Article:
The logical sum of the minterms associated with a Boolean function specifies the conditions under which the function is equal to 1. The function is equal to 0 for the rest of the minterms.

In practice, in some applications the function is not specified for certain combinations of the variables.

**Example:**To represent 10 decimal numbers (0-9) using binary we need 4 bits, but this leads to 6 combinations being unused i.e. from**1010 - 1111**It is customary to call the unspecified minterms of a function

**don't-care conditions**. These don't-care conditions can be used on a map to provide further simplification of the Boolean expressionA don't-care minterm is a combination of variables whose logical value is not specified. Such a minterm is marked with a

**X**In choosing adjacent squares to simplify the function in a map. the don' t-care minterms may be

**assumed to be either 0 or 1**. When simplifying the function. we can choose to include each don't-care minterm with either the 1's or the 0's depending on which combination gives the simplest expression.

**Q. Simplify the Boolean function F(w, x, y, Z) = ∑(1,3,7,11,15) which has the don't-care conditions d( w,x,y,z)= ∑ ( 0 ,2 ,5 )
**

The minterms of F are the variable combinations that make the function equal to 1. The minterms of d are the don't-care minterms which are marked as X.

To get the simplified expression in sum-of-products form, we must include all five 1's in the map, but

**we may or may not include any of the X's,**depending on the way the function is simplified.In part (a) of the diagram, don't-care minterms 0 and 2 are included with the 1's, resulting in the simplified function:

**F = yz + w'x'**In part (b) don' t-care minterm 5 is included with the 1's and the simplified function is now

**F = yz + w'z**

Digital circuits are frequently constructed with NAND or NOR gates rather than with AND and OR gates.

**NAND and NOR gates are easier to fabricate**with electronic components and are the basic gates used in all the digital logic families.NAND gate and NOR gate are

**universal gates**because any digital system can be implemented with them

The Exclusive-OR (XOR) denoted by the symbol ⊕ is a logical operation that performs the following Boolean operation:

**x ⊕ y = x'y + xy'**The Exclusive-OR is equal to 1 if only x is equal to 1 or if only y is equal to 1 but not both.

The Exclusive NOR also known as

**equivalence**performs the following Boolean operation:**(x ⊕ y)' = xy + x'y'**The Exclusive-NOR is equal to 1 if both x and y are equal to 1 or if both are equal to 0. The Exclusive-NOR can be shown to be the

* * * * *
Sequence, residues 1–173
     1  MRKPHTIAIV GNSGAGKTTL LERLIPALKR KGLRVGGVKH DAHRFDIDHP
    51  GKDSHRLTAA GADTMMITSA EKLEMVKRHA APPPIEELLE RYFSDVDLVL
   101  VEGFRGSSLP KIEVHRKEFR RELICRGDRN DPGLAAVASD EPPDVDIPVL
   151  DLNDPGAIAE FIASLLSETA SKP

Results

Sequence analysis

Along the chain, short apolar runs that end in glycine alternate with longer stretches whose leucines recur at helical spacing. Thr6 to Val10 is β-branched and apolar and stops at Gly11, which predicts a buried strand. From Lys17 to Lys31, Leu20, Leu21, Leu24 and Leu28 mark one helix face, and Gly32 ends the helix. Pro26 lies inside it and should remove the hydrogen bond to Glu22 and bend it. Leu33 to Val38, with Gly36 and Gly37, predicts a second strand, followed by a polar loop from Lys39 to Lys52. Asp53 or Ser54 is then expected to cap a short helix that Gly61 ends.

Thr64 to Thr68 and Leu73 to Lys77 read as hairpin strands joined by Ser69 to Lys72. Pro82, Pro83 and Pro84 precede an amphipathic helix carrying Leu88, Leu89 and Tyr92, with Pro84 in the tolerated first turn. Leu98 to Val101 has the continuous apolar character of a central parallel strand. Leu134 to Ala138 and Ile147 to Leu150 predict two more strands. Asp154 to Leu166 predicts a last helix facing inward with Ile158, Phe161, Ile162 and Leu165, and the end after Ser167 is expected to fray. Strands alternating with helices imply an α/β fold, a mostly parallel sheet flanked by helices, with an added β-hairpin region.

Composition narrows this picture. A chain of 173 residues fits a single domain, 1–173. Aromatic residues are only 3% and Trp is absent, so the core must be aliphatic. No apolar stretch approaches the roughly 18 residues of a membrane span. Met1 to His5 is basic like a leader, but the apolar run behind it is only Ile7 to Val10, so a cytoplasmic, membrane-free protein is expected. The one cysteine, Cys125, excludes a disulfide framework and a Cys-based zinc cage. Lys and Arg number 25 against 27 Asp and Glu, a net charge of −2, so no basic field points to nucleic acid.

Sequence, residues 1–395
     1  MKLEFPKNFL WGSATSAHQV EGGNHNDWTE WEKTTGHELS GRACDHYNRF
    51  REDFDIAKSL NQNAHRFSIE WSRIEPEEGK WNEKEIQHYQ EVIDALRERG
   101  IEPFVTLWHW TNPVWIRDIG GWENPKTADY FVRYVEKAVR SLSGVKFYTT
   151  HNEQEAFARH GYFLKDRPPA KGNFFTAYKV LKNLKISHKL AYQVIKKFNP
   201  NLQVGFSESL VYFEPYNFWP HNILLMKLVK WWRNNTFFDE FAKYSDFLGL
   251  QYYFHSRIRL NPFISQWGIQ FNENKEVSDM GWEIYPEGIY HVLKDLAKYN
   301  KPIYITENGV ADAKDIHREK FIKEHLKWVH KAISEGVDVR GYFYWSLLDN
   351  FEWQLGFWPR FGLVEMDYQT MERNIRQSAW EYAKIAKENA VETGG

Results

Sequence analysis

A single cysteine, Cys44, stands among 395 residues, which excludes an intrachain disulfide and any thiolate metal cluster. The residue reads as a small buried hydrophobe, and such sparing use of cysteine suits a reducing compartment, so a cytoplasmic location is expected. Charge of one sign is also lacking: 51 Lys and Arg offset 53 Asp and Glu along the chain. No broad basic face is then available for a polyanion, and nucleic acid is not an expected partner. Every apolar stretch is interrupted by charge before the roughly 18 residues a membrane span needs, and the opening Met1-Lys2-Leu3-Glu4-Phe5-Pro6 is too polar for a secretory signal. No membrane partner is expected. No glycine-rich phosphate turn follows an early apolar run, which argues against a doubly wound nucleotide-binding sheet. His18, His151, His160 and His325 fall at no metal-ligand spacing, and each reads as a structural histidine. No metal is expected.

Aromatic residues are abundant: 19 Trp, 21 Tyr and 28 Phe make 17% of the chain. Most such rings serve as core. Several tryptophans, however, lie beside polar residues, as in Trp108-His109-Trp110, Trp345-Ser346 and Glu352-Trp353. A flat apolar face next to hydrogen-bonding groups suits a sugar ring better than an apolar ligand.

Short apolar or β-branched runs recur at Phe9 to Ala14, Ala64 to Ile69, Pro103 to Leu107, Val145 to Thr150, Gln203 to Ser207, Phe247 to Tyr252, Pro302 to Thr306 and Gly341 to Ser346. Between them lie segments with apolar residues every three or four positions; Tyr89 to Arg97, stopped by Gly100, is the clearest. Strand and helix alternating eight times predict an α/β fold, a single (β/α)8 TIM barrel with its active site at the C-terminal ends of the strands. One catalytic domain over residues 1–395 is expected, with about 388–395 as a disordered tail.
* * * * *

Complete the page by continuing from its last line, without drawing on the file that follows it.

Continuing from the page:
**complement**of the Exclusive-ORThe following identities apply to the Exclusive-OR operation:

x ⊕ 0 = x

x ⊕ 1 = x'

x ⊕ x = 0

x ⊕ x' = 1

x ⊕ y' = x' ⊕ y = (x ⊕ y)'

Exclusive-OR operation is both commutative and associative: .

**A ⊕ B = B ⊕ A****(A ⊕ B) ⊕ C = A ⊕ ( B ⊕ C ) = A ⊕ B ⊕ C**Exclusive-OR is particularly useful in

**arithmetic operations and error detection and correction circuits.**

A multiple variable Exclusive-OR function is a gate with three or more inputs.

Such a gate gives output high if any odd number of inputs are high. Therefore it is known as an

**Odd function**. This is contrary to the two variable case, in which only one variable must be equal to 1.The boolean function of a three variable EX-OR is:

A ⊕ B ⊕ C = ( AB' + A' B)C' + ( AB + A' B' )C

= AB' C' + A' BC' + ABC + A' B' C

= ∑(1,2,4,7)

You can see that in each of the minterms only an odd number of inputs are one. The remaining four minterms not included in the function are

**000, 011 , 101 , and 110**and they have an even number of 1's in their binary numerical values.In general, an

**n-variable exclusive-OR**function is an odd function defined as the logical sum of the**2**minterms whose binary numerical values have an odd number of 1's.^{n}/ 2**A ⊕ B ⊕ C ⊕ D = ∑( 1, 2, 4, 7, 8, 11, 13, 14)**

A parity bit is used for the purpose of detecting errors during the transmission of binary information. A parity bit is an extra bit included with a binary message to make the number of 1's either odd or even.

The message, including Ihe parity bit, is transmitted and then checked at the receiving end for errors. An error is detected if the checked parity does not correspond with the one transmitted.

The circuit that generates the parity bit in the transmitter is called a

**parity generator.**The circuit that checks the parity in the receiver is called**a parity checker.**Suppose we consider even parity, and the signal is of size three bits x, y, z and the parity bit is P. Then the parity bit value is such that the nmber of bits in the total message (message + parity) is equal to even.

A truth table drawn for the above scenario is equivalent to the truth table of the EX-OR function: (x ⊕ y ⊕ z)

On the receiving end, a parity checker has 4 inputs (x, y, z, P) and has to see whether the message has even number of 1's or not. This scenario can be implemented using a 4 input EXOR gate (x ⊕ y ⊕ z ⊕ P)

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